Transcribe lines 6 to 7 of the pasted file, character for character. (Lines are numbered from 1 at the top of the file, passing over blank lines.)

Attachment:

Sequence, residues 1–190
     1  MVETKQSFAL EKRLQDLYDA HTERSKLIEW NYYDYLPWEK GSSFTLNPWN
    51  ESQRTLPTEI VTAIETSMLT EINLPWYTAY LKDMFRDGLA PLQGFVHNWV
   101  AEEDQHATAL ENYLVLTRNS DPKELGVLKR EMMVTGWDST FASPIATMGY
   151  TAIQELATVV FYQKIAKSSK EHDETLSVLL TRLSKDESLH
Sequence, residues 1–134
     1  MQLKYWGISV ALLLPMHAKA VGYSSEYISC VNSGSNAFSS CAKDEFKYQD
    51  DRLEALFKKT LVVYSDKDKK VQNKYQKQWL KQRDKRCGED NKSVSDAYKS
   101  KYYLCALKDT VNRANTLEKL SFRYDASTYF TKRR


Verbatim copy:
Sequence, residues 1–134
     1  MQLKYWGISV ALLLPMHAKA VGYSSEYISC VNSGSNAFSS CAKDEFKYQD